Other modern White Houses have taken a crack at the problem. The Clinton administration's "reinventing government" initiative of the 1990s was focused on making it more efficient, accountable and customer-friendly.

"It took government into the computer age," said Elaine Kamarck, who managed the effort as a top aide to Vice President Al Gore. But she added: "It's probably time for 2.0, or even 3.0."

But some recent efforts have gone nowhere.

Among them was a 2003 study led by former Federal Reserve chairman Paul A. Volcker that proposed the merger of several executive-branch agencies and the elimination of hundreds of politically appointed positions.

Last year's overhaul of financial regulation presented an opportunity to merge the Securities and Exchange Commission with the Commodity Futures Trading Commission, a move many experts have long advocated. But it didn't happen - in no small part because it would have cost the congressional agriculture committees their jurisdiction over commodities.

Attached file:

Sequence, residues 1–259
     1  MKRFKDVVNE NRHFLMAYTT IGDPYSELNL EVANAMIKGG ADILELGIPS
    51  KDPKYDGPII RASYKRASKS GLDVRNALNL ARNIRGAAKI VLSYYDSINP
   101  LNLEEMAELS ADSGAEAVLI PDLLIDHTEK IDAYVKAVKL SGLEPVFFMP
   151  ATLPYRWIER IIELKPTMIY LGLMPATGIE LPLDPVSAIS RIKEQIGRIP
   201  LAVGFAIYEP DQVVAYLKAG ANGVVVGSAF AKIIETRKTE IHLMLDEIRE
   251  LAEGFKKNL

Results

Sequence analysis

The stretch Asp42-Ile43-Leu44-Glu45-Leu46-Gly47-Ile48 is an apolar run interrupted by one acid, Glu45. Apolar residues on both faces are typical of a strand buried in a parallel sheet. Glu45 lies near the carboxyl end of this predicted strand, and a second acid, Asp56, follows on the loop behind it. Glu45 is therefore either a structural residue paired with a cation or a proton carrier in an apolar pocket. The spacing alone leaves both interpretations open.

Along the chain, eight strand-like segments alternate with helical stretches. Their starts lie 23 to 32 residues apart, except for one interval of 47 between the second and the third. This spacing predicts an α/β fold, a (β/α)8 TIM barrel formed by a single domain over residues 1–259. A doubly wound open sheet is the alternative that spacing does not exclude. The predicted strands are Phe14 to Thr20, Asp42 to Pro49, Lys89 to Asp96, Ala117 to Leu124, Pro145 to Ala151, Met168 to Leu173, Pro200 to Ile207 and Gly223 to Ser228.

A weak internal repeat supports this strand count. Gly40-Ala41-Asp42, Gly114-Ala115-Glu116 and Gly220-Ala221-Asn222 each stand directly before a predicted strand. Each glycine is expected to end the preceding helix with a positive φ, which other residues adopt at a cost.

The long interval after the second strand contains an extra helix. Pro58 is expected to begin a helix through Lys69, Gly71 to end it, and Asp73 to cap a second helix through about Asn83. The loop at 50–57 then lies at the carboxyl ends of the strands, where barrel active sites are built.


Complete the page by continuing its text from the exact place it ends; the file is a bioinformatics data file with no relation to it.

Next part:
At a time when skepticism of Washington is on the rise, Obama's vow to reorganize government represents far more than an effort to make it more effective.

It is an attempt to restore the country's faith.

"We shouldn't just give our people a government that's more affordable. We should give them a government that's more competent and more efficient," Obama said in his State of the Union address. "We can't win the future with a government of the past."

But as past presidents have learned, when it comes to remaking the government, there's a long way to go from applause line to reality.

tumultyk@washpost.com ed.okeefe@washingtonpost.com

Staff writers Lyndsey Layton and Jerry Markon contributed to this report.